• abprosper

    Unless governments suddenly decide to make SMG’s legal for the civilian world I really can’t see much use for a weapon like that. A few civilians in areas with less restrictive gun laws might enjoy the carbine and the uses Glock Mag logistics are nice.

    As for institutional uses well maybe a suppressed version with subsonic ammo might have very limited uses in some counter terror and anti crime work but beyond that the SMG is an outdated weapons system.

    As for Euro style. I think thats the way the sling was used in that famous Patty Hearst/SLA picture

  • michael

    anyone else think this is way overpriced?

  • Paul

    When read first about it , and which I did not find referenced in your article — these carabines will be in 10mm
    and also will allow to swap various calibers

    is that still the case ?

  • Andy from CT

    Yeah, 10mm… True 10 should be very easy to control in that platform. Would be hell on soft or hard targets/vehicles.

    But as much as I love the 10, no one wants to make a new subgun in it. Cost of ammo and such.


    @ Jdun1911,

    I was a little confused by the part of the write up where he states they (Kriss) are adamant about the gun be called the Kriss Vector instead of the “Super V”. πŸ™‚

    • mambro

      I believe this stems from a marketing change: the first products (SMG/CRB/SBR/SDP) now simply being called the “Vector”… that uses the “KRISS Super V **System**” (KSVS) of recoil reduction.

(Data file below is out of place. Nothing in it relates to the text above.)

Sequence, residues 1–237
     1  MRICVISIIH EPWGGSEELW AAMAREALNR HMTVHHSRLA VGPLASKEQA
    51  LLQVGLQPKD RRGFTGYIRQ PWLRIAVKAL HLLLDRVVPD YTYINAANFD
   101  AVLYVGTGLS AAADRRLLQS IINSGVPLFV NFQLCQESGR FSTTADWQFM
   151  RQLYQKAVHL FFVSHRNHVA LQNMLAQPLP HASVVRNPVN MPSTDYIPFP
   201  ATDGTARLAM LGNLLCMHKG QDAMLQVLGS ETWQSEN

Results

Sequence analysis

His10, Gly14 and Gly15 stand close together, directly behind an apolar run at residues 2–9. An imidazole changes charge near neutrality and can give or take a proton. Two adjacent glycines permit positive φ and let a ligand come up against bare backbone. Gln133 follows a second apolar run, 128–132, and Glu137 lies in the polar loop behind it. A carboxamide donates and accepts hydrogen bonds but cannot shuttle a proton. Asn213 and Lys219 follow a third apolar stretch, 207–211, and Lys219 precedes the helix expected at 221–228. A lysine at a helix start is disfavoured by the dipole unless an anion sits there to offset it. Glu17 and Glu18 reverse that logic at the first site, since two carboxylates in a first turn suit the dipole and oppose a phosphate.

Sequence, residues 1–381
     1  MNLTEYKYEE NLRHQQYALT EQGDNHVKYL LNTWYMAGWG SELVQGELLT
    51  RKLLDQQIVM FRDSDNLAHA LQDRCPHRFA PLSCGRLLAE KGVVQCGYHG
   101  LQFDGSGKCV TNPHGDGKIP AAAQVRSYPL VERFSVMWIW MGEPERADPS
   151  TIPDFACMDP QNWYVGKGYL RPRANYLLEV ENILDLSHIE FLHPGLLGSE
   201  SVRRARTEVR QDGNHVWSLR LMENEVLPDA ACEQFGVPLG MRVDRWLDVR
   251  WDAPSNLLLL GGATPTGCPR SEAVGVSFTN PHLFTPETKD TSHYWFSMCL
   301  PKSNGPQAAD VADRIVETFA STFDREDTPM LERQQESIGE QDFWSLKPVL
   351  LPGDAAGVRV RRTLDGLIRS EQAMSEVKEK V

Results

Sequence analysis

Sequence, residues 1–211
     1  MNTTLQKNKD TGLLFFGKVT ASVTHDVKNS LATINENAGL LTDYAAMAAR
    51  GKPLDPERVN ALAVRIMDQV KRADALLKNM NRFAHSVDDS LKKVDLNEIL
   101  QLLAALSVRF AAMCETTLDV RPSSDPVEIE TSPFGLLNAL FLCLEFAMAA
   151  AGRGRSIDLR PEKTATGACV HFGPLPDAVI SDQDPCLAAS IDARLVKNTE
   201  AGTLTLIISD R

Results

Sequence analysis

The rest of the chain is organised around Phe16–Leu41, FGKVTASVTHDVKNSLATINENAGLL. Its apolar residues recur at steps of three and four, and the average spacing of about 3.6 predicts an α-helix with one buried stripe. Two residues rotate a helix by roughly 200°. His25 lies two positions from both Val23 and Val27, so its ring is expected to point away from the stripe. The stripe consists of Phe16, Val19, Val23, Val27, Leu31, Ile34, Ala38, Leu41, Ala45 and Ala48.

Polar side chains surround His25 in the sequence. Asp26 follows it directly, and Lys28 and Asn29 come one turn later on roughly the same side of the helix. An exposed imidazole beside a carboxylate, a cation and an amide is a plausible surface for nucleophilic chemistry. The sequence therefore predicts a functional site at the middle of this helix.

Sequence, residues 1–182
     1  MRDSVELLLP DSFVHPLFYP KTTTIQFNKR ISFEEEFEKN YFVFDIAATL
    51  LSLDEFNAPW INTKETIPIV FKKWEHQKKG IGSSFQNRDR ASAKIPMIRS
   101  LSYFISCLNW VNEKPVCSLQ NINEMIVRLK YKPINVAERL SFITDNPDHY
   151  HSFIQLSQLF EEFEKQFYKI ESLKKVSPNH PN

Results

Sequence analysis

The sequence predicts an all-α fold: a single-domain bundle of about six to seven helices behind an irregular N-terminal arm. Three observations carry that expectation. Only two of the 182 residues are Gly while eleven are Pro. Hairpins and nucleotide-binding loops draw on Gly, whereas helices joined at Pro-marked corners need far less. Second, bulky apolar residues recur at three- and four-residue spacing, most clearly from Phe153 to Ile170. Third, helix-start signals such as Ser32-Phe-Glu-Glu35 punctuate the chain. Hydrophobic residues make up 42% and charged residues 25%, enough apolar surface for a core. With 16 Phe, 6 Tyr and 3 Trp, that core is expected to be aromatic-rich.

This may also help differentiate with the next-gen products, one of which seems to be the “K10” (I don’t know if all of them will be considered K10 products or part of some “K” series)… but also still using the KRISS Super V System.

  • Avery

    Agreed, andrew. Apparently, the same ballistic instability the 5.56mm FMJ has at short range (and especially short barrels) is actually a benefit when using hollow-points and other pre-fragmented, non-Geneva compliant ammunition like Hornady TAP, especially in comparison to pistol ammunition of the same.

    5.56mm hollow-points dump all their energy into the target and are incapable of penetrating a single layer of drywall, while 9mm and .45 hollow-points fail to expand and drill through at least two walls of sheetrock.

    I remember someone doing a test that pretty much confirmed this. I’m not sure if it was Box O’ Truth or what.

  • Avery